The question in the title is one I have been asked countless times as an aspiring writer. It started out in junior high, when I was turning a former short story into my first ever novel. Of course I’d told my friends all about it with excitement, and of course I’d completely underestimated how much time and effort would be required to actually get it done. By the time we were in high school, my friends were fairly well fed up with waiting as I kept starting over or getting stuck or being just plain busy with my schoolwork. I did finish a draft I was happy enough to share eventually, but I never did get it revised to what I thought was a publishable standard.
I’d like to think I learned from that experience, and I did in as far as I no longer bother people with every twist and turn of my writing process or have unrealistic expectations of success. But even as a “certified adult”, I did tell everyone, including readers of this blog, that my current novel was ready to be sent out in hopes of publication over a year ago. I did start querying. I got several form rejections, a few no responses, less than ten in all but nothing positive. I decided to try rewriting my first five pages. And, in doing research about what might cause agents to reject the first five pages, I found my type of novel opening right on the list of reasons from one of the very agents who’d rejected my query package.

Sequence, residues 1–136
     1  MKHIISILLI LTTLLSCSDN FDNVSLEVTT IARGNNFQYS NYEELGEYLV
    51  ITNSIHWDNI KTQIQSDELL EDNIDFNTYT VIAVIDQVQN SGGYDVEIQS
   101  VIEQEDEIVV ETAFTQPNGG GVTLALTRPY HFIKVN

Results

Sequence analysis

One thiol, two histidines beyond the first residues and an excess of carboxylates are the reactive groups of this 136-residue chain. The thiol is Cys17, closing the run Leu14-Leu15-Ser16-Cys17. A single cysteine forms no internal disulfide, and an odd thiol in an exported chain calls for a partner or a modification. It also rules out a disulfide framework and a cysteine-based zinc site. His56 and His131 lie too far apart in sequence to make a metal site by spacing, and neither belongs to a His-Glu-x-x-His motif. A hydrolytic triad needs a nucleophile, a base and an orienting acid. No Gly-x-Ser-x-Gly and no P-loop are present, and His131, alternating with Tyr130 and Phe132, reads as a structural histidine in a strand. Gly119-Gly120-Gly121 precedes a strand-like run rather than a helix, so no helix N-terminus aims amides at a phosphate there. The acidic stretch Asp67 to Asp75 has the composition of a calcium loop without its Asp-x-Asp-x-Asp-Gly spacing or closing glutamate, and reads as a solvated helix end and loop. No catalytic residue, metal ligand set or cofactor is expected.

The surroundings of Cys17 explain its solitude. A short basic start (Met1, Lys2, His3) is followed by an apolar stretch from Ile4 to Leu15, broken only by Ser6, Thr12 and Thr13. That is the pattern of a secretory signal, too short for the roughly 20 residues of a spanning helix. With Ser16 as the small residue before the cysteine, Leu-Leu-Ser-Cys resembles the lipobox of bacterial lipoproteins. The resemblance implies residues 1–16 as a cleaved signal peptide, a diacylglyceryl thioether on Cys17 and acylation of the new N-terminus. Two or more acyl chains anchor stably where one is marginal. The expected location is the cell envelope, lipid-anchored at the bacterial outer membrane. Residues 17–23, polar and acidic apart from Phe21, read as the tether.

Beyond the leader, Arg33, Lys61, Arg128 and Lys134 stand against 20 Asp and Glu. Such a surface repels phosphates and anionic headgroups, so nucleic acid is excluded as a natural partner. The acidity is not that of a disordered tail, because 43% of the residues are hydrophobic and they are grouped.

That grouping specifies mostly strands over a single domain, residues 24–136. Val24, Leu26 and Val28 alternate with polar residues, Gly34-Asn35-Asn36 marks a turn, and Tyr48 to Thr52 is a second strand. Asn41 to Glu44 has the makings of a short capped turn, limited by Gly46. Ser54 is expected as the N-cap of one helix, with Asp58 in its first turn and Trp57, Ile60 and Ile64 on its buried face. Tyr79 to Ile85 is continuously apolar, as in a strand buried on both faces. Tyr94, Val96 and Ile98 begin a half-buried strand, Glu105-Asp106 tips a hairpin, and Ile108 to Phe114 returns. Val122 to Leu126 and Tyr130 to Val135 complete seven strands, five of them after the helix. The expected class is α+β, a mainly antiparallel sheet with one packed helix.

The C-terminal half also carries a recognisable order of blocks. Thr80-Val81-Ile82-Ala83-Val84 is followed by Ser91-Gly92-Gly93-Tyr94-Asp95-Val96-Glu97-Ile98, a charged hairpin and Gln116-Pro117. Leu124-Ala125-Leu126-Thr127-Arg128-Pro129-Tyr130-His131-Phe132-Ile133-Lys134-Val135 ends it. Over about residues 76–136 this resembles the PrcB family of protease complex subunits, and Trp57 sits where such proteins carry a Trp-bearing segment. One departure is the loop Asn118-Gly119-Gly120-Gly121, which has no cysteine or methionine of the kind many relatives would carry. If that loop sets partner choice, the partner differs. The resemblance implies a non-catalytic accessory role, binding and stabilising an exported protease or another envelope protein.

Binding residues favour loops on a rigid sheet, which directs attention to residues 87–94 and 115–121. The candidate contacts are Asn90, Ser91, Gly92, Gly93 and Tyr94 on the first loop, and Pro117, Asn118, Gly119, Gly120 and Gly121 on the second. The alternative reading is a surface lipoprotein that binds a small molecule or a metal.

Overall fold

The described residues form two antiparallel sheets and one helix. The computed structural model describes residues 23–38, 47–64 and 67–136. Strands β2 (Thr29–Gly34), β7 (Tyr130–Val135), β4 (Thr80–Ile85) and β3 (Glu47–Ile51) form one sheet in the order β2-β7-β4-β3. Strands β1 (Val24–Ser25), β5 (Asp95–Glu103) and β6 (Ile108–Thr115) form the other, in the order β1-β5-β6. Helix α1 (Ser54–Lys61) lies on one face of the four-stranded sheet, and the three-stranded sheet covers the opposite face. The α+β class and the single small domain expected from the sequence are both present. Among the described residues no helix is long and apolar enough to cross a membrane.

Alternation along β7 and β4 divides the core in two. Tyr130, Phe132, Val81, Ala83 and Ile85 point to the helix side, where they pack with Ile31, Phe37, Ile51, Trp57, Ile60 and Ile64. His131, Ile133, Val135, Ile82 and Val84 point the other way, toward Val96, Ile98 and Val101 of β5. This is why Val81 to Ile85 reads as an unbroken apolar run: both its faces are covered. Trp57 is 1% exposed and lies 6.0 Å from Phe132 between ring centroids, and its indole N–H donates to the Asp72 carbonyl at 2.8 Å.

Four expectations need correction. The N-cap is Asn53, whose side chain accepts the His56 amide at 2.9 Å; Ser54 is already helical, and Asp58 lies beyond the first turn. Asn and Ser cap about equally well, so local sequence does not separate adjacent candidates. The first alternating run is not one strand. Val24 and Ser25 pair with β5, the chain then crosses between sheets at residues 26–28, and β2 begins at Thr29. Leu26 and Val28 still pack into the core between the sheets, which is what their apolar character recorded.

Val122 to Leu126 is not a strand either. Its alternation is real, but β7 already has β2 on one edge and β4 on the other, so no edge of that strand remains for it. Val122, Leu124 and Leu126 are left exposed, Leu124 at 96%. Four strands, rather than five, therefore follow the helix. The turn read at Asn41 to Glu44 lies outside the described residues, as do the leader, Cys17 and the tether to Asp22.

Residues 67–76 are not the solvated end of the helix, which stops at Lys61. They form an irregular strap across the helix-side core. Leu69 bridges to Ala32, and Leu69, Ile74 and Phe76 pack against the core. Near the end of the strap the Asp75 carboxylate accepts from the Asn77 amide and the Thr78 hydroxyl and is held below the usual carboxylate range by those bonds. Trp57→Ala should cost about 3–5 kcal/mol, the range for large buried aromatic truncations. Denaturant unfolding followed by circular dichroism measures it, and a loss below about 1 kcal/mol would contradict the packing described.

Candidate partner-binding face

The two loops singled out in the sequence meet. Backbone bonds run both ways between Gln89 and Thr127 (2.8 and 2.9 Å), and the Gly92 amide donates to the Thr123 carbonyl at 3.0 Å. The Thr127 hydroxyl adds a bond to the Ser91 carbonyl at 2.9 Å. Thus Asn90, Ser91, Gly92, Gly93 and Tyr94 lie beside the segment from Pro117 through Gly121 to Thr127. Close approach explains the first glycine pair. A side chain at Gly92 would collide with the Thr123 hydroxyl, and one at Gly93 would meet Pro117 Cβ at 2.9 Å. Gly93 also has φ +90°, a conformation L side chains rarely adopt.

Cue the crash of confidence. It started small, with me deciding to not drop the reader right into a sci-fi/fantasy novel right in the middle of a technology and magic-infused action scene. It ended with an entire manuscript rewrite as I got feedback on that rewritten opening and some of the chapters that followed from fellow writers.
So here I am, in the exact situation I told myself I’d never be in again. I told people I was at one point in my writing process, truly believing it to be the case, and it turns out I wasn’t. Over a year later, I have a nearly completed rewrite, which I plan to submit for feedback in its entirety, following which I will almost certainly have even more changes to make.
It seems sometimes that the journey is never-ending. Worse, it seems that the path is full of mirages, creating the illusion that you’re almost there, creating premature excitement. I don’t want to be constantly disappointing the people who get invested in my efforts, but it’s probably also not a good idea to say, “I’m almost there!” and then a year later have everyone who heard me wonder what ever happened with that.
Going forward, I’ll be trying to strike a balance. Expect me to keep trying. Expect more disappointments and failures and moments of crippling self-doubt. Don’t expect my book to be published a year from now or two years from now or even five years from now. But feel free to hope with me.
Because as a far better poet than I once wrote:
“Hope” is the thing with feathers –
That perches in the soul –
And sings the tune without the words –
And never stops – at all –Emily Dickinson
Good luck out there, fellow writers.